Det stora vemodet is a song – its actual title is ”Vintersaga”. It was written by a guy named Ted Ström, but it's the 1984 version by Monica Törnell that has become iconic. The lyrics are a sort of road trip through Swedish winter landscapes. English Wikipedia even has an article about it: https://en.wikipedia.org/wiki/Vintersaga
Here's a link to one YouTube version, but when link rot sets in, just search for Vintersaga. https://www.youtube.com/watch?v=ZZSl_IaIQOA
We use the same name: den stora depressionen. Unlike in English, though, we don't put it in title case.
Never heard that expression. Cant see how that will really help me learn swedish.
vemod is one of the words we teach for cultural reasons, it's considered a key concept in Swedish culture. We don't have a specific Sweden/Swedish culture skill – we chose to include those words all over the tree instead.
Probably that is one reason why I like Sweden. Now, the end of January, when most people longing for south, I am longing for north. Long, dark winters. Leaving late, with wet, sloppy and misty forests and meadows. The smell of old snow. And one day, I will move to Sweden! But first, I have to finish this course.
Could you give some more examples of how one would use this? As an American I have a hard time understanding vemodet and vemodigt.
That kind of makes a lot of sense – if we're sticking to clichés, vemod is a feeling that is considered typically Swedish or Nordic, but which would by the same kind of thinking be foreign to Americans. As I said elsewhere in this thread, it's because of this stereotype that we wanted to include it in the course. If you're going to read books or articles about "What Swedes Are Like", chances are you'll meet this word early on.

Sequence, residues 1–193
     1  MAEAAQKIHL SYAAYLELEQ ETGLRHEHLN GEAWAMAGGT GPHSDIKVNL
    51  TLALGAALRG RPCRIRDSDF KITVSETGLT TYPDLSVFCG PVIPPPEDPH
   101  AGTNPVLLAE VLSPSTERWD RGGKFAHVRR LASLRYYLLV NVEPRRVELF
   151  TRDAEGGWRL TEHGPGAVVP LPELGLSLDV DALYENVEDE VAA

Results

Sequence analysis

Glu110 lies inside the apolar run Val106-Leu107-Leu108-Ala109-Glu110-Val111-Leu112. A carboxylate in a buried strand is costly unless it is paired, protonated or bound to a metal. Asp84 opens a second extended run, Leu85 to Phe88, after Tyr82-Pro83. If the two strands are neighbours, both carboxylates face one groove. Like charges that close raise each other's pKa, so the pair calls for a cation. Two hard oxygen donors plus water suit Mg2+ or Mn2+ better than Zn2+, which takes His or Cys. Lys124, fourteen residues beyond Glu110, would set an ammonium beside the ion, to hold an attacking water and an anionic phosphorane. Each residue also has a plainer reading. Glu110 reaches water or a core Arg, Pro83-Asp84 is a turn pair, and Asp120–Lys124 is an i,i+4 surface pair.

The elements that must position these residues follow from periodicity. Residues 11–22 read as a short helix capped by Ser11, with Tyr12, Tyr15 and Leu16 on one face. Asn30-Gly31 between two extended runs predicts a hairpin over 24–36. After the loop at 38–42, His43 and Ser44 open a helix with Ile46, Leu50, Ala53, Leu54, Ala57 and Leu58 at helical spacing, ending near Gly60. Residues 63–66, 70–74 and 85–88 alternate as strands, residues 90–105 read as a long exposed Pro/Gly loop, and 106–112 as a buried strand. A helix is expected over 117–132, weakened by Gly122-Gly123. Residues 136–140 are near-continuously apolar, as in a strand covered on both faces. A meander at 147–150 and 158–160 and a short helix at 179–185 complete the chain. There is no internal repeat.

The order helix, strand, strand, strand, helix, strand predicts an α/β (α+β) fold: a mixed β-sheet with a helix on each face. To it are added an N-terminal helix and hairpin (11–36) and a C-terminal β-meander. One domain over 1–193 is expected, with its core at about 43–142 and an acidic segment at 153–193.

Svensk ordbok defines it as 'a quiet mood of sadness and missing something that has been lost' and gives the example: Hon kände vemod vid tanken på att barnen snart skulle vara vuxna och utflugna ur boet 'She felt ≈sadness at the thought that the children would soon have grown up and moved out' and ett stänk av vemod smög sig in i glädjen 'a touch of melancholy mingled with the joy'
As an adjective: ett vemodigt leende 'a melancholic smile'
It can be a little more than just missing and longing, it can also be seen as a quiet, contemplative way of looking at things. It can be bittersweet, but not depressive. Someone said it's a "beautiful sadness". Someone else, that it can be found in our relationship to nature. (it's also considered typically Swedish to have a near-religious attitude to nature).
I'm so glad there are people like you in this world. Others might have just left it at 'vemod means melancholy', and then there's you. Thank you.
Thanks. Could you expand on its usage a bit more in that case? I'd never use that sentence in English so it's hard to understand the context
Long winter, the days are so dark they are more like nights - no sun, no fun.
My girlfriend from uppsala cringes whenever i say vemodig in convetsation and says its "archaic" is this true ??